“Right-wing resentment was always seething below the surface”: An Interview with Dhritiman Chaterji

12 August 2015
Arijit Sen/Hindustan Times via Getty Images
Arijit Sen/Hindustan Times via Getty Images

On 10 June 2015, the Information & Broadcasting Ministry appointed actor-turned-politician Gajendra Singh Chauhan as the chairman of the Film and Television Institute of India (FTII). Known primarily for his role as Yudhishthira in the hugely popular Mahabharata TV series that aired on Doordarshan, Chauhan’s appointment was met with resistance from the students of the institute. The students have questioned Chauhan’s “creative credentials” and appear to believe that his affinity to the Bharatiya Janata Party (BJP) had led to his selection. This dispute manifested itself into an ongoing strike that has been underway since 12 June. During the latter half of July, Delhi-based senior journalist Monobina Gupta spoke to veteran actor Dhritiman Chaterji over email.Chaterji began his acting career with Satyajit Ray's Pratidwandi. Released in the turbulent Calcutta of 1972, the film and its leading actor became an inherent part of the cinematic consciousness of Bengal. Although he went on to act in several other films, Chaterji also ventured into the world of advertising and worked with Hindustan Thompson Associates—an advertising agency based in Mumbai that later changed its name to JWT India—even as he picked up roles that interested him. He spoke to Gupta about the changing culture of the FTII, the future of Indian cinema and the politicisation of Indian institutions.

Monobina Gupta: The FTII is currently in the midst of a huge controversy over the appointment of Gajendra Chauhan as the institute’s chairperson. How do you interpret the unfolding crisis and what it might mean for the future of training film students in the country?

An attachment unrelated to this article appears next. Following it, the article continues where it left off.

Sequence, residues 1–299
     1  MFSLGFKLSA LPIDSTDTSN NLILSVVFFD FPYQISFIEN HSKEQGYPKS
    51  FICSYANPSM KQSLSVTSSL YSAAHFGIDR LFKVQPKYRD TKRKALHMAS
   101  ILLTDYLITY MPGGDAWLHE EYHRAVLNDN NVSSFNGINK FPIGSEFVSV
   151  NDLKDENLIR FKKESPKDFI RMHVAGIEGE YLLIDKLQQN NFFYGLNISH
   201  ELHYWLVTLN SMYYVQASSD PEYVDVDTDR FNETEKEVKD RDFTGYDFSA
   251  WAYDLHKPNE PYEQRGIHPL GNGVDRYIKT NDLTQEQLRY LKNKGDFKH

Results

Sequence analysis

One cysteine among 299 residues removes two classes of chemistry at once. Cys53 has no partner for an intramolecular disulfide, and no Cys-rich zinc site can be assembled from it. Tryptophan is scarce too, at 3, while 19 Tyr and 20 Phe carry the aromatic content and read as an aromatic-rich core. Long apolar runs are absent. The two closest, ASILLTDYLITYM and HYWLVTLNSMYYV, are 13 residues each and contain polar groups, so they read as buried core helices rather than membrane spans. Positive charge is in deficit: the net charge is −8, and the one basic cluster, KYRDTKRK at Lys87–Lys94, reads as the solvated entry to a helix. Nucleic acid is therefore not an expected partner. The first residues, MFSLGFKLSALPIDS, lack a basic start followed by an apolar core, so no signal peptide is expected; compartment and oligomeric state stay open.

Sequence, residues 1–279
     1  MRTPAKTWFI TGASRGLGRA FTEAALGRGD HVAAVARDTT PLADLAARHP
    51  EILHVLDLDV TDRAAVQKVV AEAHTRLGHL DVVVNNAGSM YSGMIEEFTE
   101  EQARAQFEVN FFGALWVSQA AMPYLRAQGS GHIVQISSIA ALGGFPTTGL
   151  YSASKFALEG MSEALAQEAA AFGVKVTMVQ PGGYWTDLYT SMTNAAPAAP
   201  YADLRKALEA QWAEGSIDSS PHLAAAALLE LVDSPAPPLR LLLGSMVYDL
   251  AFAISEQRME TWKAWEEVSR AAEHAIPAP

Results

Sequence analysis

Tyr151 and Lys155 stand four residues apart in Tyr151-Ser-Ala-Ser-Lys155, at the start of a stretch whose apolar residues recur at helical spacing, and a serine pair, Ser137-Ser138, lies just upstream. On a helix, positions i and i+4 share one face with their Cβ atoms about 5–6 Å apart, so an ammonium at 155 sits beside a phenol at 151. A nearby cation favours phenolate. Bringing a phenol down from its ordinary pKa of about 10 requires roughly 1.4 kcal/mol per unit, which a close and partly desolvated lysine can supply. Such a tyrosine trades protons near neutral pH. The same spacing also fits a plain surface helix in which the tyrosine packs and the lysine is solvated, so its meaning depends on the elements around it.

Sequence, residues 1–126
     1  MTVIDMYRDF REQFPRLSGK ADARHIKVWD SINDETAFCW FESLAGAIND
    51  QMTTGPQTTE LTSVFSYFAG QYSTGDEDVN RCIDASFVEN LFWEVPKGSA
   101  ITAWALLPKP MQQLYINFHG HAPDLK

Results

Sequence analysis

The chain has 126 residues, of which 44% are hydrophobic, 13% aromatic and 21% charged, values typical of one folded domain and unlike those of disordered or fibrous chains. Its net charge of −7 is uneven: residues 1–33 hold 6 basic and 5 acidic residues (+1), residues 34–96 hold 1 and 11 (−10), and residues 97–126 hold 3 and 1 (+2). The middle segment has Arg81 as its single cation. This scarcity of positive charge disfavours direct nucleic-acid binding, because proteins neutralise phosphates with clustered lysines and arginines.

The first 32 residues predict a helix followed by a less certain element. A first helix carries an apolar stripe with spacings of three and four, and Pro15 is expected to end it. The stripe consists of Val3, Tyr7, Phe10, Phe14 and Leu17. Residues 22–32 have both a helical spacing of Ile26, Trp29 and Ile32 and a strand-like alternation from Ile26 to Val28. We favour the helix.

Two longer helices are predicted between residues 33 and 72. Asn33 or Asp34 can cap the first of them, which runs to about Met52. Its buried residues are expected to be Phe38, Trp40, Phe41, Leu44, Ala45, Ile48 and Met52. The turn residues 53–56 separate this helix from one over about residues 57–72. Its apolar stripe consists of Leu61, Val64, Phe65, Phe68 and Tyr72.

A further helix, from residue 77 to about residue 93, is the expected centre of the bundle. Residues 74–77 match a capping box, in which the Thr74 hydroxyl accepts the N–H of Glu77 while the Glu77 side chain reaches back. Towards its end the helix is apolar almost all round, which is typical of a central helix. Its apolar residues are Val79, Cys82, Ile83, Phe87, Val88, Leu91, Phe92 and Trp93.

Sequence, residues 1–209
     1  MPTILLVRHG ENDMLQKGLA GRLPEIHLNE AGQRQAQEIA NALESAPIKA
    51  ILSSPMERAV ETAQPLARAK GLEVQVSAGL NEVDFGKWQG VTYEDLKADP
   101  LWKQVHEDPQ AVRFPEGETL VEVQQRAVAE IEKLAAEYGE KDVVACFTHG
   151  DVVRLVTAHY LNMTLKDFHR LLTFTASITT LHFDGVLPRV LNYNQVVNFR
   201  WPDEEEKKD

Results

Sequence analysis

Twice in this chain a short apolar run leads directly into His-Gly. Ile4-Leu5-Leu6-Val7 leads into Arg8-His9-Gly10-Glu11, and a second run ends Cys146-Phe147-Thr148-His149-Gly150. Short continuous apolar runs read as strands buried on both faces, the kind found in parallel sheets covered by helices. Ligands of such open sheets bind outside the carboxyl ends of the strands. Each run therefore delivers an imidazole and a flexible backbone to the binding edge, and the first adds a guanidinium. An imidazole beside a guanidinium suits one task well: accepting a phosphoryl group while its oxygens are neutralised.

Dhritiman Chaterji: Well, it’s been about a month and a half now and neither side seems to be willing to back down; so it could be a question of who blinks first. I don’t think the ministry or the government would be in the slightest bit bothered if the FTII shut down, either temporarily or permanently. It is difficult to believe that anyone in the government seriously thought that Chauhan was an appropriate choice, either professionally or ideologically. It was a deliberate provocation designed to provoke exactly the kind of reaction that it has — “Yes we’re insulting you. Swallow it quietly or else…”

Ideological confrontations were expected when the new government took over and why not? The battles for one’s beliefs have to be fought constantly. So the appointment of someone ideologically acceptable to the government with at least a pretence of professional distinction would have been difficult to argue against. But digging deep to find a party member with the most contemptible filmography is a calculated slap in the face that says “This is what we think your institute is worth”.

Concerns that centre around issues such as the institute’s financial health, the level of subsidies and the low recovery through hostel fees could be legitimate. But these are issues that arise in any large institution and have to be thought through. Here, the problem is more fundamental than that. It’s the vision of the FTII as a centre of learning pitted against the FTII as a vocational school for turning out industry professionals. The former vision doesn’t preclude the latter but the latter certainly has no need for the former. So these two visions are going to be very difficult to reconcile.

Monobina Gupta is a senior journalist and author based in New Delhi.